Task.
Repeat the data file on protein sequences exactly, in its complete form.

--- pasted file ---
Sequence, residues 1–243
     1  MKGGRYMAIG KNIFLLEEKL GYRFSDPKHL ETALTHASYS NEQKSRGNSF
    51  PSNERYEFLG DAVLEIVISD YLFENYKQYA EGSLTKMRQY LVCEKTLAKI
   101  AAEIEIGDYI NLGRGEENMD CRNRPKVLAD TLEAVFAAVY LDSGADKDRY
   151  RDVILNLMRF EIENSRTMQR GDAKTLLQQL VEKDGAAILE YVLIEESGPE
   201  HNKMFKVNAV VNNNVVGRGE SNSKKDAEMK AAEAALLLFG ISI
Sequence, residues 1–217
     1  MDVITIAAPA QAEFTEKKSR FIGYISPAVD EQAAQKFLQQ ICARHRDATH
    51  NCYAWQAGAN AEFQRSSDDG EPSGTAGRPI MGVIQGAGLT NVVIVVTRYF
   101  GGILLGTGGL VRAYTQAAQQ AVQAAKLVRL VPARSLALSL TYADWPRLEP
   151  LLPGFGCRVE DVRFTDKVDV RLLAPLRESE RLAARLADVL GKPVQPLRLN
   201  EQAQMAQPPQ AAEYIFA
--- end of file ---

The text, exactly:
Sequence, residues 1–243
     1  MKGGRYMAIG KNIFLLEEKL GYRFSDPKHL ETALTHASYS NEQKSRGNSF
    51  PSNERYEFLG DAVLEIVISD YLFENYKQYA EGSLTKMRQY LVCEKTLAKI
   101  AAEIEIGDYI NLGRGEENMD CRNRPKVLAD TLEAVFAAVY LDSGADKDRY
   151  RDVILNLMRF EIENSRTMQR GDAKTLLQQL VEKDGAAILE YVLIEESGPE
   201  HNKMFKVNAV VNNNVVGRGE SNSKKDAEMK AAEAALLLFG ISI
Sequence, residues 1–217
     1  MDVITIAAPA QAEFTEKKSR FIGYISPAVD EQAAQKFLQQ ICARHRDATH
    51  NCYAWQAGAN AEFQRSSDDG EPSGTAGRPI MGVIQGAGLT NVVIVVTRYF
   101  GGILLGTGGL VRAYTQAAQQ AVQAAKLVRL VPARSLALSL TYADWPRLEP
   151  LLPGFGCRVE DVRFTDKVDV RLLAPLRESE RLAARLADVL GKPVQPLRLN
   201  EQAQMAQPPQ AAEYIFA